This attitude is demanded both from professionals and from the patients themselves, which impedes people viewing errors in a more constructive way: mistakes are not allowed! It seems that everything has to work right. How come you can make mistakes in other professions and in our profession you cant. A mistake can wipe out everything youve done (E13).
Studies point out that it seems that nurses have an almost exclusive concern with consequences to the patient, as if patients were the only ones suffering the consequences. Although it is unquestionable that patients are those most vulnerable, given the very condition that led to their hospitalization, consequences go far beyond the patients. They affect not only patients, but also professionals, family members, health institutions and society(11).
Based on the bioethics framework, this study analyzed the attitudes of nurses in the face of the occurrence of errors in nursing procedures in the ICU.
The reports of nurses grounded the considerations that follow in the light of the bioethical framework.
Taking responsibility for an error implies acknowledging ones own vulnerabilities - an error is the expression of ones vulnerability. Acknowledging ones own vulnerabilities is a condition of taking responsibility for an error. This study indicates the acknowledgment of human limitations, due to which nurses acknowledge themselves as fallible and, therefore, capable of making mistakes. This acknowledgment is the basis of wisdom that enables one to deal with errors. Acknowledging that errare humanum est enables professionals to perceive themselves as vulnerable when performing nursing procedures in their daily practice. On the other hand, when professionals ignore their vulnerability, their own and that of patients, they are prone to committing errors because they underestimate their chances to err and/or hinder a constructive perspective of it.
Acknowledging an error with responsibility implies ethical conditions in the relationships among the involved people - acknowledging and reporting an error shows autonomy to act in a responsible and prudent way. However, when errors do not cause harm or are not perceived by others, individuals hide them. This suggests that a punitive culture is still current. It seems fair to say that reporting an error requires that a relationship of trust be established among the professionals, patients, and institutions. Such trust does not mean collusion; on the contrary, it permits a dialog that includes the possibility of averting potential harm. It is also related to the environment in which error occurs.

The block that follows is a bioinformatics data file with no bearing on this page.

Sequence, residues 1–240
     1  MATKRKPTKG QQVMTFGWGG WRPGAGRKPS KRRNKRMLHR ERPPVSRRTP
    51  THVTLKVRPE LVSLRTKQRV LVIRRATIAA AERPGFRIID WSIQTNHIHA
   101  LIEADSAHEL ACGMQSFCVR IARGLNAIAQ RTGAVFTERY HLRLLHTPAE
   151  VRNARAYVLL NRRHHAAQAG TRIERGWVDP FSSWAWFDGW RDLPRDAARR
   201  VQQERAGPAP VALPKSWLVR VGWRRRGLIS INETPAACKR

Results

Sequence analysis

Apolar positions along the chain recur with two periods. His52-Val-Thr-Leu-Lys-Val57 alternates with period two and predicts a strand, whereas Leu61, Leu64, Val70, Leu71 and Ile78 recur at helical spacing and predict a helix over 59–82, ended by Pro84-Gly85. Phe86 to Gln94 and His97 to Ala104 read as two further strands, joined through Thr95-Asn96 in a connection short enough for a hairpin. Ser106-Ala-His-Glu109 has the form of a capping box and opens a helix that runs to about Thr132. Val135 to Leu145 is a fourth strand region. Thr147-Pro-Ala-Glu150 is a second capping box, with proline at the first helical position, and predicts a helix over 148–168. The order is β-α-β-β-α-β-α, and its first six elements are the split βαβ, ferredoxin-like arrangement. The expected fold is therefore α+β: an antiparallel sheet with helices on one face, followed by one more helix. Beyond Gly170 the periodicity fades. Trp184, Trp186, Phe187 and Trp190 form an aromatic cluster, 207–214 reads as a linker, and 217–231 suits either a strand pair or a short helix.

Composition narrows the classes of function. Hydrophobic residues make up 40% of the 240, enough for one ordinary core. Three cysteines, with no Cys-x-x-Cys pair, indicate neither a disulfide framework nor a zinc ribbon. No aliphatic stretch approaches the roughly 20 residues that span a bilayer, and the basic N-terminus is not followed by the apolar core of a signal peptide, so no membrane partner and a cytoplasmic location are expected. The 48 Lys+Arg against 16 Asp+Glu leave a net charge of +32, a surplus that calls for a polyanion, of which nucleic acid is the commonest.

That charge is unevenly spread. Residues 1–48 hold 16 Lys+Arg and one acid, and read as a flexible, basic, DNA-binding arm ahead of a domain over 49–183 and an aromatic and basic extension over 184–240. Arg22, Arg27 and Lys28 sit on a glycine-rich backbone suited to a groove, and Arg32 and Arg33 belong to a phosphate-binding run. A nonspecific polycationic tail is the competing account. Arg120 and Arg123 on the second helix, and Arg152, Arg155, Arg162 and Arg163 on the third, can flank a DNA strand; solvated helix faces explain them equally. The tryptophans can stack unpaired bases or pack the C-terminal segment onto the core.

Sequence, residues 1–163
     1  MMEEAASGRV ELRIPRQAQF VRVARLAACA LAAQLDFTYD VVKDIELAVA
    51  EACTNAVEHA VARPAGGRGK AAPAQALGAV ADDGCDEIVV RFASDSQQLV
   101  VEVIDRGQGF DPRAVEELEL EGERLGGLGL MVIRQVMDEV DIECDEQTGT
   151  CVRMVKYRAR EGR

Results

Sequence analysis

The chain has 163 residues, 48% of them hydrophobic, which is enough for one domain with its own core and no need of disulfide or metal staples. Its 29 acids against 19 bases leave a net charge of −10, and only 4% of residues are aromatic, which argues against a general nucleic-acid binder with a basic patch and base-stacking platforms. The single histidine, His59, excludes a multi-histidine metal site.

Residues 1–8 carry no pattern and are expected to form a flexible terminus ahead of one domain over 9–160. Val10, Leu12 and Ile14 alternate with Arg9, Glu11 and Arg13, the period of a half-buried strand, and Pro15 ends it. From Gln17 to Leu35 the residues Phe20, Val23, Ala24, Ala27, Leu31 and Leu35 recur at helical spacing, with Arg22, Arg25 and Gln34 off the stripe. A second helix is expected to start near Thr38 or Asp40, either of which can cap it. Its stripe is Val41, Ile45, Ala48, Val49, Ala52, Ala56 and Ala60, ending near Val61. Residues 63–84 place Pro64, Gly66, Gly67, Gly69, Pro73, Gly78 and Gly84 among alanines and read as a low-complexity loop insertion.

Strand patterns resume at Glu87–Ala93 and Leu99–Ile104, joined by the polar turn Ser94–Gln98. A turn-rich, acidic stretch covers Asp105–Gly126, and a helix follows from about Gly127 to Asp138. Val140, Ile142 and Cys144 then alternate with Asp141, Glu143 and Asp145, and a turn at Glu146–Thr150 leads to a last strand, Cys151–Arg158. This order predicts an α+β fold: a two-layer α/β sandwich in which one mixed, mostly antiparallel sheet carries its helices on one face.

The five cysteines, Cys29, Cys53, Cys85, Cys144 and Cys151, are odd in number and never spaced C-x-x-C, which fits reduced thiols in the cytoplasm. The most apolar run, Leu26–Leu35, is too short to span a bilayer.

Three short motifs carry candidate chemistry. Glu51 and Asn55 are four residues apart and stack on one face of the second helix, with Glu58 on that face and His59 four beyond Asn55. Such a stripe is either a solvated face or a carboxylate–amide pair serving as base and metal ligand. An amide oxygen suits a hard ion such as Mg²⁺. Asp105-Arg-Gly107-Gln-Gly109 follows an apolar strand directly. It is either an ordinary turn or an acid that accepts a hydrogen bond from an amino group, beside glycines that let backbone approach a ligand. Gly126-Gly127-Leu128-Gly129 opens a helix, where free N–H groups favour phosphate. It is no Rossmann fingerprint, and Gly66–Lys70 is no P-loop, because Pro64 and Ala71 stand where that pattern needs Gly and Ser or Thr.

Errors are in the context of a particular environment - the bioethical perception of error situates it in the context or environment where it occurs. It means not immediately reducing it to the professional who makes the mistake, but rather admitting the hypothesis that it might have social and institutional origins in addition to individual limitations. This environment is related not only to the origins of error, but also to the ways in which its occurrence is received. Awareness of such an environment seems to be essential for the whole ethical process of dealing with errors.
It is important to stress that bioethics and ethics postulate a more humanized role for health professionals because they develop the possibility of a critical and reflective attitude concerning the choices to be made about the practice.
In summary, this study enables re-thinking nursing practice based on bioethics, resorting to an error analysis focused also on the relationships between those involved. Keeping in mind that errors occur in a network of relationships, thus, should not be seen individually or only in technical terms, but rather in a relational way, and seek an integrated understanding of reality.
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Rita de Cassia Pires Coli
Centro Universitario São Camilo
Rua Raul Pompeia, 144
Cep: 05025-010 São Paulo, SP, Brasil
Received: Apr. 27th 2009
Accepted: Nov. 16th 2009
1 Paper extracted from Master’s Thesis "O erro em procedimentos de enfermagem na unidade de terapia intensiva sob a ótica da bioética", presented to Centro Universitário São Camilo, SP, Brasil.